The Applications view shows a hierarchy of deployments, instances and images and is designed for provisioning new resources as well as managing deployments. This view provides an application-centric view of GCP resources, logically grouped by organization, folder and project.
The Storage view shows storage resources grouped by region. For GCP, all storage resources are displayed under the Managed folder. Both regional and zonal storage resources are organized into Commander datastores, which are logical groups for aggregating persistent VM disks. When you look at a datastore, you can see which VMs have persistent disks, as well as the total storage usage in that zone or region. Commander shows both regional and zonal storage resources.
The image below shows how Commander displays regional and zonal storage resources: us-central1 is Google Cloud Regional Persistent Storage, whereas us-central1-a, us-central1-b and so on are Google Cloud Zonal Persistent Storage.
Commander allows you to manage the GCP resources detailed in the following table.
|Infrastructure / Resource Type||Details|
GCP instances can have either a predefined instance type (such as f1-micro, n1-standard-1 or n1-highmem-2) or custom configuration of CPU and memory resources. Commander displays the instance type details for deployed instances.
Commander currently supports reconfiguring CPU and memory resources for a GCP instance manually, and through change requests. In addition to predefined GCP instance types, Commander supports custom values for memory and CPU, as well as extended memory. To learn more about custom instance types, see Creating a VM Instance with a Custom Machine Type in the GCP documentation. To learn more about extended memory, see Adding extended memory to a machine type in the GCP documentation.
Deployments can be managed from Commander's Applications view. All deployment resources (whether directly managed by Commander or not) are displayed on the deployment's Resources tab. To provision a deployment, you must first add a deployment configuration to the service catalog.
Both regional and zonal storage resources are organized into Commander datastores, which are logical groups for aggregating persistent VM disks. When you look at a datastore, you can see which VMs have persistent disks, as well as the total storage usage in that zone or region. Commander shows both regional and zonal storage resources.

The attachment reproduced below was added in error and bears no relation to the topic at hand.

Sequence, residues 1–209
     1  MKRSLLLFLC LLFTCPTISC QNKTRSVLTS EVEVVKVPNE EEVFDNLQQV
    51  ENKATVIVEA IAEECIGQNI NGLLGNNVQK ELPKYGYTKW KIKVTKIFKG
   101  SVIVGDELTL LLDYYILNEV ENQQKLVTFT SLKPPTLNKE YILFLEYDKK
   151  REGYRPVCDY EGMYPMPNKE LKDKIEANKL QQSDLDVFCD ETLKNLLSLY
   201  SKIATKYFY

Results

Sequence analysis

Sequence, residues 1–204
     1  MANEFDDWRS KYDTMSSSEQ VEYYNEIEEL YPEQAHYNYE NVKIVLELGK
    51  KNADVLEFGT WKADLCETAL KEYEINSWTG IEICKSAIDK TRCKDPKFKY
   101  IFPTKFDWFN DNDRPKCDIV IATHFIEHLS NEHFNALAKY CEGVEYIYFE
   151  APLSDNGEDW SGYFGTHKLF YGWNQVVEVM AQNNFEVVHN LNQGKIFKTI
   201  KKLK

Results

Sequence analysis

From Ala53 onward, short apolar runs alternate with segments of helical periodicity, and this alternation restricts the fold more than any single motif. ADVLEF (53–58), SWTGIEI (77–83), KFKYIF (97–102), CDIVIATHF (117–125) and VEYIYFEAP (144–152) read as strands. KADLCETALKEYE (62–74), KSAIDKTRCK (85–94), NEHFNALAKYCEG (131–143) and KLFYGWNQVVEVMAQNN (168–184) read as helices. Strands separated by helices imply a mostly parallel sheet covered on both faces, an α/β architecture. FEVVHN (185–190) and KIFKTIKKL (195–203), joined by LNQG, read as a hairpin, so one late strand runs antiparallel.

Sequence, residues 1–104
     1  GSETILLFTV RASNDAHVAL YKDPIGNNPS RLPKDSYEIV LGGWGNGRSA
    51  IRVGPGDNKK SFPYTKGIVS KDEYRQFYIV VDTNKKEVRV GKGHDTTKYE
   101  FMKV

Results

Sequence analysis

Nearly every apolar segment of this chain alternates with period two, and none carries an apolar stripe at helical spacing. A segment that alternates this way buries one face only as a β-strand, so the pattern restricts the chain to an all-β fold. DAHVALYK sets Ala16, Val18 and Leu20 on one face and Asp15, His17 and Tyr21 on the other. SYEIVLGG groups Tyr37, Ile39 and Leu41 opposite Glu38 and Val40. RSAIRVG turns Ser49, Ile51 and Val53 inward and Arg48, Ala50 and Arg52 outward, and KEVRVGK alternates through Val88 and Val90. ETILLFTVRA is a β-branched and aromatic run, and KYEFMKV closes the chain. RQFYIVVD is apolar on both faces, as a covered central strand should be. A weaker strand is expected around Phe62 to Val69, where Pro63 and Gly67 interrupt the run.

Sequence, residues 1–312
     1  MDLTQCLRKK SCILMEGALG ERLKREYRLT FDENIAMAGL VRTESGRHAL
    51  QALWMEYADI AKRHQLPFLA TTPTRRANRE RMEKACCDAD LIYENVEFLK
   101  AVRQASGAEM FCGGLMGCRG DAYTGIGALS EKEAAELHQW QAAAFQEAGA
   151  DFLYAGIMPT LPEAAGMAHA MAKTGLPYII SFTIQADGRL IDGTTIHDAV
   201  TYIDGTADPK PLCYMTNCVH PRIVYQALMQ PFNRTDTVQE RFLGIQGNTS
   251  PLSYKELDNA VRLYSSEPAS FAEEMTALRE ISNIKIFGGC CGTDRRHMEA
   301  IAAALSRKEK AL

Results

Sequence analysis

Because GCP storage is elastic, Commander properties and variables related to capacity (for example, provisioning level) don't apply to GCP. Likewise, reports based on these properties don't include data for GCP (for example, the Over-provisioned Disk Summary Report).
During regular synchronization with GCP, Commander collects the storage used by persistent disks.
Images are equivalent to VM templates and are displayed as VM templates in Commander. GCP provides a set of public images. Any images you create in GCP are private images. Commander displays GCP images in the Applications view.
Each GCP project has a default virtual network, but may contain additional networks. Virtual networks are shown in Commander's Applications View, along with their subnets and the VMs within them. See also Networking and security.
Each GCP virtual network contains one or more subnets (although "legacy" networks don't). Subnets are shown in Commander's Applications View. You can assign network zones to subnets.
Organizations are the root node in the Cloud Platform Resource hierarchy. Commander's Applications View shows organizations, as well as the VMs, folders, virtual networks and subnets within them.
Folders are nodes in the Cloud Platform Resource Hierarchy. A folder can contain projects, other folders, or a combination of both. Commander's Applications View shows folders, as well as the organizations, VMs, virtual networks and subnets within them.
GCP projects form the basis for creating, enabling and using all GCP services including managing APIs, enabling billing, adding and removing collaborators, and managing permissions for GCP resources. Commander's Applications View shows projects, as well as the VMs, virtual networks and subnets within them.
A region is a specific geographical location where you can run your resources. Commander displays regions in the Infrastructure view or the Applications view and Storage views. See Selecting Public Cloud Regions to Display in Commander to learn which regions Commander displays by default, and how to change this.
Each region is divided into multiple zones. Zones are somewhat equivalent to on-premise datacenters. Resources that are located in a zone, such as instances or persistent disks, are referred to as zonal resources. Other resources, like static external IP addresses, are regional. Regional resources can be used by any resources in that region, regardless of zone, while zonal resources can only be used by other resources in the same zone. Commander's Infrastructure view or the Applications view View shows zones, as well as the VMs within them.
Changes made to a GCP managed system within Commander are displayed as soon as the task has finished, just as they are with on-premise managed systems. Unlike on-prem systems, however, Commander regularly retrieves changes made within GCP.
By default, Commander waits 60 minutes between updates from GCP. You can change this interval, but we recommend keeping at least 60 minutes between updates. More frequent updates (meaning lower values for this setting) may impact Commander performance, especially in large installations.